Baghdad – 10 November 2019
Over the past weeks, demonstrations erupted in Baghdad and other governorates in Iraq. Protester demands cover a wide spectrum of issues, including economic growth and employment, reliable public services, prudent and impartial governance, an end to corruption, credible elections as well as broader reform of the political system - including amendments to the constitution.
An accumulation of frustrations about the lack of progress in the last 16 years is clearly perceptible, and with rising numbers of deaths and injured (both protesters and members of the Iraqi Security Forces) a climate of anger and fear has set in. The Iraqi people cannot afford to be held back by the past nor by partisan interests.
Rising hope asks for a leap forward, including the understanding that - in today’s digital age - daily life has moved online. Meanwhile, the risk of ‘spoilers’ hijacking peaceful demonstrations is increasing and potentially derailing any attempt at genuine change. Time is therefore of the essence, as are tangible results.
To start with, and following consultations with a wide range of Iraqi parties, actors and authorities (including the three Presidencies, the Supreme Judicial Council, protesters and union representatives), the United Nations Assistance Mission for Iraq (UNAMI) proposes the following principles and measures:
The following principles apply to all parties at all times:
Protect the right to life above all.
Guarantee the right to peaceful assembly, demonstration and freedom of expression, as granted in the constitution.
Practice maximum restraint in the handling of the protests, including no use of live ammunition, ban the improper use of non-lethal devices (such as tear gas canisters).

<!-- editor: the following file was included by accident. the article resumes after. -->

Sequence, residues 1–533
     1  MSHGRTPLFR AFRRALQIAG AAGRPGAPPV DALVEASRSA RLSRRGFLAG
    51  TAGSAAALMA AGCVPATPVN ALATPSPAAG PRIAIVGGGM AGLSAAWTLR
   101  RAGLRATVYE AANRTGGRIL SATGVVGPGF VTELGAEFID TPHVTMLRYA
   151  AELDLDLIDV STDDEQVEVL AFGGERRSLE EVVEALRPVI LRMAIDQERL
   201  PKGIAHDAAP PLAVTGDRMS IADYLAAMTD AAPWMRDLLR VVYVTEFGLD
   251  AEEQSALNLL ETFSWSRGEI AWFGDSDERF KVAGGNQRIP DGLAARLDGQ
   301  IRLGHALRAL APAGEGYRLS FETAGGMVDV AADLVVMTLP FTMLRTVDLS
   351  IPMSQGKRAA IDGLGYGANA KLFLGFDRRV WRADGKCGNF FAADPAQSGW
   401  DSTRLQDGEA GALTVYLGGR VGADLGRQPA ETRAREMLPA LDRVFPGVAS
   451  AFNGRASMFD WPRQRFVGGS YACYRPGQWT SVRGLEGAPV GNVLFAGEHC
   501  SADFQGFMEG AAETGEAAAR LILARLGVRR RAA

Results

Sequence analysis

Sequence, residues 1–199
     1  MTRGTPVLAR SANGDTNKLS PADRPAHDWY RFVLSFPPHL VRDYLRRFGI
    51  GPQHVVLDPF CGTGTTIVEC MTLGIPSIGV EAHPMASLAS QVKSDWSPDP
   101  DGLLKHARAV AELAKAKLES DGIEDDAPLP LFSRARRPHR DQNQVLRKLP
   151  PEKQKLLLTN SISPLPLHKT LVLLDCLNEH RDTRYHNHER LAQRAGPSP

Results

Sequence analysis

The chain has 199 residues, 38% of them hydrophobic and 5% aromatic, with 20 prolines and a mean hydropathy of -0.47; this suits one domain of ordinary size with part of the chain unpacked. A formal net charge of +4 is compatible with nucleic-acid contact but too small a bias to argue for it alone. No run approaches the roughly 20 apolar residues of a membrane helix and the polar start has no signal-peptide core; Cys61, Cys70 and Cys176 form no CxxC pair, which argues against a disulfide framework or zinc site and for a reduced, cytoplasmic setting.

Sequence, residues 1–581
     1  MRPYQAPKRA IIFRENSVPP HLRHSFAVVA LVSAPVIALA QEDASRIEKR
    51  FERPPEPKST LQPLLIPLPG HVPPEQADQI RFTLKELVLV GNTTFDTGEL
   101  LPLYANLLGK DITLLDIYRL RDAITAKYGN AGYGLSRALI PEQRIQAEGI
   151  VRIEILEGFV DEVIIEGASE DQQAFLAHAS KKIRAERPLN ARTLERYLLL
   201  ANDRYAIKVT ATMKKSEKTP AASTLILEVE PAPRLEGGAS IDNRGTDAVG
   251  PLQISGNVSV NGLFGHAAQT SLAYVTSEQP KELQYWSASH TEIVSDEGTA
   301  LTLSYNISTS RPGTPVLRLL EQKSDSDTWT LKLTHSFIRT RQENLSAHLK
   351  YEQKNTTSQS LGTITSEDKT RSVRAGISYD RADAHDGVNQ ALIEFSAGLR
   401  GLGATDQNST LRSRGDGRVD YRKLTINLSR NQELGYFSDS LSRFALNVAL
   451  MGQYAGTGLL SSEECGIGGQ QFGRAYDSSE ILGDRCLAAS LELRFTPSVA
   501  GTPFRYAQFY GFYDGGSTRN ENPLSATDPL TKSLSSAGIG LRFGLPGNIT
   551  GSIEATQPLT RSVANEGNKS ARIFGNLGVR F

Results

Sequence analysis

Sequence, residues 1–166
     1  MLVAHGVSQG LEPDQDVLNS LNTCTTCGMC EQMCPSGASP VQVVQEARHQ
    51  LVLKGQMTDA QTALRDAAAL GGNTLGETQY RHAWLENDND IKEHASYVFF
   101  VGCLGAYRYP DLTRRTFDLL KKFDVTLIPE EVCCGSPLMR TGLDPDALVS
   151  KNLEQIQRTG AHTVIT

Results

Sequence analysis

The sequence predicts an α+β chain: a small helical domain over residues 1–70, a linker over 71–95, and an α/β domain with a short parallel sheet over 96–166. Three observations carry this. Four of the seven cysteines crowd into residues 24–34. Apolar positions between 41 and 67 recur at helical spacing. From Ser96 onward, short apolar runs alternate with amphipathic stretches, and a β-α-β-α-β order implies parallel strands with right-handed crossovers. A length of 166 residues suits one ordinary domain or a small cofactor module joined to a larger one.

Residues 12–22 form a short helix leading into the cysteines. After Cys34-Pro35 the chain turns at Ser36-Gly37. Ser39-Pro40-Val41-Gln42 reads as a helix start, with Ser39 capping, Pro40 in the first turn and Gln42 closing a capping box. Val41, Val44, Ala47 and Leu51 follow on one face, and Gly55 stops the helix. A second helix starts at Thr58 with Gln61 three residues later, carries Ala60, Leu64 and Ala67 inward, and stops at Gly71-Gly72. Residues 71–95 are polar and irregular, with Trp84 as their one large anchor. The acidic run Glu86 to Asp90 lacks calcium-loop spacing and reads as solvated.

Deliver full accountability for perpetrators and redress for victims.
Act in keeping with the law, including in regard to public and private properties.
Immediate measures (less than a week) include:
Release all peaceful demonstrators detained since 1 October, in accordance with the law.
No peaceful demonstrators shall be targeted.
Initiate full investigation of cases of abduction (including by making available CCTV footage), and reveal the identity of those responsible.
Accelerate the identification and prosecution of those responsible for targeting demonstrators.
Prosecute and punish those responsible for the excessive use of force and/or other violent acts, in accordance with the law.
Publicly call on all regional and international parties not to interfere in Iraq’s internal affairs, respecting its sovereignty.
Short term measures (within one week to two weeks) include:
Electoral reform: With the technical support of the UN, a single legal framework shall be finalized.
Soon after, the framework shall be submitted to the Council of Representatives (CoR). The parliamentary procedure shall be completed as soon as possible.
Security Sector Reform: Executive Order 237 shall be fully implemented without delay. Any weapons outside state control shall be prohibited. Any outlaw armed entity or rogue element shall be considered illegal and it is the state’s responsibility to take them on.
Corruption: The political elite shall lead by example, for instance by publicly declaring their assets – at home and abroad, held under their own name or another. Additionally, political parties/blocs and movements shall abolish their economic committees.
Medium term measures (within one to three months) include:
Constitution: With the technical support of the UN, the Constitutional Review Committee shall continue its work. Any amendment to the constitution shall be put to referendum by the people of Iraq.
Corruption: The Commission of Integrity shall submit corruption cases to the High Judicial Council or the Central Anti-Corruption Court. The Central Anti-Corruption Court shall handle corruption cases at all levels of the state. All corrupt officials will be held accountable and prosecuted.
Enactment of laws: The Government shall send the following draft laws to the CoR, and the CoR shall complete its due process as soon as possible:
a. A law addressing the principle: ‘Where did you get this from?’
b. The Federal Court Law
c. The Social Security Law d. Law on resolving the Housing Crisis
e. The Oil and Gas (Hydrocarbon) Law
f. Amending the Law on Encouraging Investments and Public-Private Sector Partnership
g. The Council of Ministers and Ministries Law
h. The Reconstruction Council Law